companies, and employees approximately 39,000 people.
The biggest challenge facing the company is ensuring that it focuses on
developing the businesses profitably and revenue generation. For this reason the SKF
Group’s president and its managers are also developing strategies that fit the corporate
culture, mission, and vision of the company. The creation of new products and product
line extension is a product strategy that is aimed at protecting the company’s viability in a
changing environment. SKF’s growth strategy is currently focused geographically on
India and also through strategic acquisitions and joint ventures. The SKF Group is
developing a cost reduction strategy due to the constant pressure for cost reduction from
all its customers.
The Explorer spherical ball bearing is the newest SKF Group development within
the ultra-low friction and high capacity products. The benefits of the Explorer include
the following: a high load rating that allows for the utilization of smaller machines that
consume less energy; enhanced service life for increased environmental benefits brought
on by reduced downtime and lower maintenance costs. Marketing this product along
with all of the SKF Group’s ball bearing products is extremely difficult except in industry
journals and periodicals because it is hard to market what one does not see. However, the
quality of the SKF roller bearing products sells themselves.
The SKF Group provides the following customer service package options to its
Data collectors to collect bearing vibration information from machines;
Maintenance software to analysis information from sensor units on the bearing
housing which relays the information to a central storage station;
Online monitoring system that measures performance at vast numbers of separate
points on machines. (Managing the Microworld, 1995)
The “@ptitude” industrial decision support system is a modular system that aids in
the improvement of machine efficiency by replacing labor-intensive data collection and
analysis with automatic analysis, fault resolution, and work order notification. This
system allows SKF’s customers to apply decision-making standards quickly and
consistently, based on meaningful data.
SKF logistics support provides global, customized and fully integrated supply chain
solutions. SKF Logistics Services can significantly reduce costs associated with
inventory, operations, distribution, and administration. The system also provides shorter
and more reliable delivery time and product availability.
SKF’s goal is to make things run better which explains its core business; the
production of self aligned ball bearings. The following are produced at a rate of 27,000
units per hour: ball bearings, roller bearings, magnetic bearings, slewing bearings, and
gas bearings. The smallest are less than a centimeter in diameter and the largest is 39 feet
in diameter. A ball bearing is exposed to extreme pressures and is protected by a layer of
oil 50 atoms thick. (www.skf.com) These pressures convert the lubricant into a soft firm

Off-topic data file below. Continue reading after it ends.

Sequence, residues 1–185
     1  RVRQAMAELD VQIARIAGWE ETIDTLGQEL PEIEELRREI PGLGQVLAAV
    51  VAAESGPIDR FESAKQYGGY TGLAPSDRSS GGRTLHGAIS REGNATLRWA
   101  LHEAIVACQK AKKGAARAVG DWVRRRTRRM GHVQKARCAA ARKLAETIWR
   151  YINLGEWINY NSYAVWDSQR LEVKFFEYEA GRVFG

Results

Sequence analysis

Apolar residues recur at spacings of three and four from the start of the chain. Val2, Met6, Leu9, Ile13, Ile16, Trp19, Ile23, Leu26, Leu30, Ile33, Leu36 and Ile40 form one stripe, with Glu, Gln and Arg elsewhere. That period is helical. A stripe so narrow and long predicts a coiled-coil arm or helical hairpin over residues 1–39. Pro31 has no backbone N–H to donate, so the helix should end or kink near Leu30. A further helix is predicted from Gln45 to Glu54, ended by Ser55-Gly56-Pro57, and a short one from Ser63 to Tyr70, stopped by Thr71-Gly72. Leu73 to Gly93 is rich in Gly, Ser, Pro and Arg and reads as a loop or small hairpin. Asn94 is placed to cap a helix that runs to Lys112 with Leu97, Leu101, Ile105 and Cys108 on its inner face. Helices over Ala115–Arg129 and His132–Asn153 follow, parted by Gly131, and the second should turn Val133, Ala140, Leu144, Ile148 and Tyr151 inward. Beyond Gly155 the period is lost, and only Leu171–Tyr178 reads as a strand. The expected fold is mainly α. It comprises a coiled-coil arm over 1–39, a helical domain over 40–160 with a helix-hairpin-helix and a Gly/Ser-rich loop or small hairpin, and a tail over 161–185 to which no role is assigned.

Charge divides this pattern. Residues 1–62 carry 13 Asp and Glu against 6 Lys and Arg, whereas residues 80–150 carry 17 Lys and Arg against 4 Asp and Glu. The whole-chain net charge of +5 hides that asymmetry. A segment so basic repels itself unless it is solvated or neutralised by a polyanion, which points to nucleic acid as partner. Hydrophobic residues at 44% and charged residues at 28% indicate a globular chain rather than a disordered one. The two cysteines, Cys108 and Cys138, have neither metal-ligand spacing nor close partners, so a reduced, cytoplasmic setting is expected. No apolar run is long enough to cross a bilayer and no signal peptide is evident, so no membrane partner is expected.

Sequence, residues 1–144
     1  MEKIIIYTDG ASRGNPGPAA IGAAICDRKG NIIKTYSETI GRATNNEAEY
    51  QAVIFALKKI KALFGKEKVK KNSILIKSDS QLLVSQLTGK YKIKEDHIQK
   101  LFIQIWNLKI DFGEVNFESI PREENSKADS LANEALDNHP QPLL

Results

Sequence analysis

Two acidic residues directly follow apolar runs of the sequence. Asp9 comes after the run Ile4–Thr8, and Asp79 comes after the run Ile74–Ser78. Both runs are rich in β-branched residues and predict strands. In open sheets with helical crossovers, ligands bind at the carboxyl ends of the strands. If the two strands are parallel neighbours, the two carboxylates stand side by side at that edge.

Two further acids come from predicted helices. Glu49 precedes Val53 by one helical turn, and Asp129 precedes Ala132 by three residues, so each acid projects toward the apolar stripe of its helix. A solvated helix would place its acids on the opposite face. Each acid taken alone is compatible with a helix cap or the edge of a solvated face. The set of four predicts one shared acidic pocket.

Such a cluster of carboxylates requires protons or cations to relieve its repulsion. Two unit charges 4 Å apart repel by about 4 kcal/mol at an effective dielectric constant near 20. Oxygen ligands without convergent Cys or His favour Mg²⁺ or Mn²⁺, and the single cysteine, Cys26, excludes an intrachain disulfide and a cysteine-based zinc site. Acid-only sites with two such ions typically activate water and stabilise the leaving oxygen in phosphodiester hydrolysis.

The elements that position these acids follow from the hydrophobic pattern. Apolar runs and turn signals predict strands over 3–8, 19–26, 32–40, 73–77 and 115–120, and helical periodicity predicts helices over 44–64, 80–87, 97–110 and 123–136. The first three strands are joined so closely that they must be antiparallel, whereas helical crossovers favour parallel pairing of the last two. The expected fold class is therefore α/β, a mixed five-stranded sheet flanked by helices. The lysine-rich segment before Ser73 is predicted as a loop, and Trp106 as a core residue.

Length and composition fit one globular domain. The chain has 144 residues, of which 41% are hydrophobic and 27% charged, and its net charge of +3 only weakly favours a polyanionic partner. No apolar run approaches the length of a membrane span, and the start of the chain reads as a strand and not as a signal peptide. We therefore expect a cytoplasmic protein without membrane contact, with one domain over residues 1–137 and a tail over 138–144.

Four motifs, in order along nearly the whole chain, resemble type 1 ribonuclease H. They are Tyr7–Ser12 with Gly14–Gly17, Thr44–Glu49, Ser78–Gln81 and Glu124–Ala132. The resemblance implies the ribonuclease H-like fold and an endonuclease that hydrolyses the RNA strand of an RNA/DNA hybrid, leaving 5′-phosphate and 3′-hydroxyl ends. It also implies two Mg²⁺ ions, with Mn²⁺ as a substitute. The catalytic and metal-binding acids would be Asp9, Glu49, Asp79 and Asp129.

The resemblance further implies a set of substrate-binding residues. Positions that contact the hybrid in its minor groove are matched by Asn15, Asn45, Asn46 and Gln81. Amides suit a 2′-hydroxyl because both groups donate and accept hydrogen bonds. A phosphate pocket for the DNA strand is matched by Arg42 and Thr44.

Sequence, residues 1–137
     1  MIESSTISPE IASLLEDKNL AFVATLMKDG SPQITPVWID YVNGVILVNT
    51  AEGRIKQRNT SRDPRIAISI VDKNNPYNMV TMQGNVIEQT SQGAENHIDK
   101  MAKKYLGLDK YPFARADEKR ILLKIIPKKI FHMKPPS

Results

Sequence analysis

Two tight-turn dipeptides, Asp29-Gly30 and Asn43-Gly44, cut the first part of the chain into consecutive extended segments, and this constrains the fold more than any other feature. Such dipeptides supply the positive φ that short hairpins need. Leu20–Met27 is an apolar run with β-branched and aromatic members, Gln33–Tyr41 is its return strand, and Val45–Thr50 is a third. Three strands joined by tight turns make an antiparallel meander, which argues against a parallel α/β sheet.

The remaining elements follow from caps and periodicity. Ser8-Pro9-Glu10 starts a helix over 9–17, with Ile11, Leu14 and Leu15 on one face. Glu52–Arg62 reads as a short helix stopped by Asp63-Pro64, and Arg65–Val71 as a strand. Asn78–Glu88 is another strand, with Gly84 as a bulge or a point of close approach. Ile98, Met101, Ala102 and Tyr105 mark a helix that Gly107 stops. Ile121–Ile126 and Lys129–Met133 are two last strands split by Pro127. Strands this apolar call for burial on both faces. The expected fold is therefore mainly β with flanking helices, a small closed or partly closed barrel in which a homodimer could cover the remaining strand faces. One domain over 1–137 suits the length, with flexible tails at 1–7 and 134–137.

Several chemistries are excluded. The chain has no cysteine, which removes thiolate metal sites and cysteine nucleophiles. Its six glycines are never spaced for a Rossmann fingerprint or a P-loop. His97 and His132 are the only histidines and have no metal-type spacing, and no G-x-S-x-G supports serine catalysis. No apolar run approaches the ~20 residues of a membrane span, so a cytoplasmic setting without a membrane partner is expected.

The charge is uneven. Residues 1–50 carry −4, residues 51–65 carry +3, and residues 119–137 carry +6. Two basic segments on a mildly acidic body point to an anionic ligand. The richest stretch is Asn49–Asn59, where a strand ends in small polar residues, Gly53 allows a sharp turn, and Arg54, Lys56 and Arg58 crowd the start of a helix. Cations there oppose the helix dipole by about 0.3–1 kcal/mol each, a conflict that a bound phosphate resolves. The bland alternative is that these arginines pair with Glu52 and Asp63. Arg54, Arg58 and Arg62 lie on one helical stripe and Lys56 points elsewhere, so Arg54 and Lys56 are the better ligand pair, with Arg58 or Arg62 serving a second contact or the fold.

substance and back into liquid form. This lubricant is also produced by the SKF Group
and is an essential element of its core product.
One third of the SKF Group’s sales come from each of the following divisions
respectively automotive, aero steel, and electric. Although the Group maintains the
number one position in the manufacturing industry it has never possessed more than 20%
total market share since 1960, management does not expect this to change. Ninety-five
percent of all products produced by SKF in its home country of Sweden are exported.
SKF has demonstrated its commitment to sound environmental practice when it
was awarded ISO 14001 certification, the international standard for environmental
management systems, at the beginning of 1999. The most comprehensive of its kind,
SKF's environmental certification now covers more than 80 different manufacturing,
logistics and technical facilities in 22 countries on five continents. (www.skf.com)
Environmental issues are of extreme importance to SKF customers and partners, for this
reason a carefully formulated environmental program at SKF is giving it an important
competitive advantage. The term "environment" in this policy includes the external
environment and the internal working conditions as well as health and safety. Current
laws and regulations, and commitments to which SKF subscribes, are to be considered as
minimum requirements and conserves energy and natural resources. SKF’s
environmental performance will be continually improved according to this policy.
Environmental effects shall be taken into account when business decisions are made.
SKF companies shall strive towards a constructive communication with their local
communities as well as all environmental authorities concerned. Suppliers and sub-
contractors are required to adopt the principles of this policy. SKF companies will
continue to provide safe and attractive workplaces for all its employees and ensure that
the employees are sufficiently educated and trained to apply this policy in their daily
work. All SKF companies shall maintain long-term environmental plans, which shall be
continually adapted to developments, new discoveries, and experiences relating to the